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In Republican response, Tim Scott dismisses Biden's infrastructure plan as "big government waste"

Watch: GOP response to Biden's address
Senator Tim Scott delivers Republican response to President Biden's address to Congress 14:26

Republican Senator Tim Scott delivered a speech responding to President Joe Biden's first address before a joint session of Congress on Wednesday evening. The response provides an opportunity for Scott, a rising star in the Republican Party, to outline an alternative to the president's ambitious legislative agenda.

Scott began his speech by saying that Mr. Biden "seems like a good man," but argued that his policies were divisive.

"Our president seems like a good man. His speech was full of good words. But President Biden promised you a specific kind of leadership," Scott said. "Our nation is starving for more than empty platitudes. We need policies and progress that bring us closer together. But three months in, the actions of the president and his party are pulling us further and further apart."

Scott noted that five bipartisan coronavirus relief packages had passed under former President Trump in the past year, but Congress passed the nearly $2 trillion American Rescue Plan without any Republican votes.

Scott delivered his response after Mr. Biden concluded his speech, which included details about his American Families Plan, a tax and spending bill focused on health care, child care and education. Between this and the American Jobs Plan, his infrastructure proposal, Mr. Biden is calling on Congress to pass over $4 trillion in spending on major projects. 

Scott called the American Jobs Plan a "liberal wishlist of big government waste." Republicans have balked at the price tags for these proposals, questioned their relevancy, and criticized Mr. Biden's plan to raise certain taxes to pay for them.

Scott also spoke about his experience with discrimination as a Black man, and noted that he had proposed a police reform bill last year that had been blocked by Democrats. Democrats argued that the bill did not go far enough.

He also raised social issues that are motivating voters on the right, such as recent efforts to center the history of slavery and discrimination in the current political conversation. Scott, like other Republicans, argued that Democrats are invoking racism to score political points.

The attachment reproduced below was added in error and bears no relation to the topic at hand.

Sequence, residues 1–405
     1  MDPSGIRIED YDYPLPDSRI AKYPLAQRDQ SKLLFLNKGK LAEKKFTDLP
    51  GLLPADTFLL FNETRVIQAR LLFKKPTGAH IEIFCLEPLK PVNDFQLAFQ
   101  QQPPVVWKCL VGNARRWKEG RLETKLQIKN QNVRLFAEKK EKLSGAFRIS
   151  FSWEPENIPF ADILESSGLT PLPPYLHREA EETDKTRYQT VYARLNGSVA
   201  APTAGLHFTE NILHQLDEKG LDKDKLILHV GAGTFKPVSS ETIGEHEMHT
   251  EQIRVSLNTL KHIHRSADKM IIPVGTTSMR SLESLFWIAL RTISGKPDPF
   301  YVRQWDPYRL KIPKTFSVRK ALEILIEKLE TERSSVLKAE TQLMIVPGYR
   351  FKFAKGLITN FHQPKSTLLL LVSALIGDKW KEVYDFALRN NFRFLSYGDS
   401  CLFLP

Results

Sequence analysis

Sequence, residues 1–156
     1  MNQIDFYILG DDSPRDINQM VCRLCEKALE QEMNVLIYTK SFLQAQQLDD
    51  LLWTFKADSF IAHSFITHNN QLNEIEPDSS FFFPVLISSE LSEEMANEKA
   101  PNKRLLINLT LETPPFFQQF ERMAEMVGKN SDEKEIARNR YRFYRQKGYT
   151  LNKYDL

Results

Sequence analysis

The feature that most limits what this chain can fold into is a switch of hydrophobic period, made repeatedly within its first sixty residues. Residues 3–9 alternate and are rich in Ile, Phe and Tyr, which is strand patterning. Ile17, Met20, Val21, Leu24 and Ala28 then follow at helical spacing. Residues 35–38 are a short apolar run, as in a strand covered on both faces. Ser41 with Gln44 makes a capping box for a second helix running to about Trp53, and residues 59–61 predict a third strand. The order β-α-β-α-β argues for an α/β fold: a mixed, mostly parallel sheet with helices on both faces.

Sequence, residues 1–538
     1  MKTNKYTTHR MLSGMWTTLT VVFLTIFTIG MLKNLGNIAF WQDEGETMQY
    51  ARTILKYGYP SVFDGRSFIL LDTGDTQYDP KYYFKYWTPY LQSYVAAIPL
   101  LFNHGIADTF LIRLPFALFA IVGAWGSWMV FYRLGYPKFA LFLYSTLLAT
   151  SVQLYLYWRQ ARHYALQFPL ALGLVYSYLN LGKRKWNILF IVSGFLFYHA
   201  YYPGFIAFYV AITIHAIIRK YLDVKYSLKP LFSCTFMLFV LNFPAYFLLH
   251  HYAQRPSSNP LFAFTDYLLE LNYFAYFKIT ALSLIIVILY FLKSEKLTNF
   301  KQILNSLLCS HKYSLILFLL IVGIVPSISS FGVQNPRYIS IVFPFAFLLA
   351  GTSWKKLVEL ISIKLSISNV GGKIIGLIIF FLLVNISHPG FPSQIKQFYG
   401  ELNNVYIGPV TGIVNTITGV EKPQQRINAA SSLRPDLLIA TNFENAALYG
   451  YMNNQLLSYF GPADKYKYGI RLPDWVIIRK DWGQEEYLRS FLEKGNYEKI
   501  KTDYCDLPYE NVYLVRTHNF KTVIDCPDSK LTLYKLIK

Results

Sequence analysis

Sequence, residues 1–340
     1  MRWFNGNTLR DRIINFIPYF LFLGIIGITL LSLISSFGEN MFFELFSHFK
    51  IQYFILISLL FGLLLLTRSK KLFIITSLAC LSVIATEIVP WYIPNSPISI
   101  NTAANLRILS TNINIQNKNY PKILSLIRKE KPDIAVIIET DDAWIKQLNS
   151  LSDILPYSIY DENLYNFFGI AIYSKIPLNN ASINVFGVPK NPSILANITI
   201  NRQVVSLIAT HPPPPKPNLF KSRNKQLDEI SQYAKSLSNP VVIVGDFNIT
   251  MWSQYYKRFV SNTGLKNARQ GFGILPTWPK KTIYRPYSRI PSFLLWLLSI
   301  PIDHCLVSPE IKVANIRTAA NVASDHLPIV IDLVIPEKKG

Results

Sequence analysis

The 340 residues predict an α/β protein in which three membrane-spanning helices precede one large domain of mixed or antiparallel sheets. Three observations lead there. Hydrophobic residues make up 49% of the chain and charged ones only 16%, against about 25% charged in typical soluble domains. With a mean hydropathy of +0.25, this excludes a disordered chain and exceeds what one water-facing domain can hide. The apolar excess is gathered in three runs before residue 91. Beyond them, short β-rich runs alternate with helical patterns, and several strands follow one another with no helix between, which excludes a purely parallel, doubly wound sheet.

"America is not a racist country," Scott said. "Race is not a political weapon to settle every issue like one side wants."

But while he mentioned issues that motivated Republican voters, he only referred to former President Trump in passing.

Scott offered an alternative vision for the future as the country begins to emerge from the worst of the coronavirus pandemic, which has shaken the economy and resulted in the deaths of more than half a million Americans.

"I look forward to having an honest conversation with the American people and sharing Republicans' optimistic vision for expanding opportunity and empowering working families," Scott said in a statement announcing his response last week.

Scott told reporters at the Capitol on Tuesday that he would "try to keep it simple," and that he had been practicing his remarks "a bunch."

"From my perspective, you figure out who your audience is, you figure out what you want to say, you try to find a way to say it well. And you lean into who you are," Scott said.

Scott, 55, has served in the U.S. Senate since 2013 and has been seen by party operatives as a potential presidential contender. He has toed the line of support for former President Donald Trump, who remains a popular figure among Republican voters, while still being willing to criticize Mr. Trump on certain issues. Scott, the lone Black Republican in the Senate, is also currently engaged in negotiations with Democratic Senator Cory Booker and Congresswoman Karen Bass on a police reform bill.

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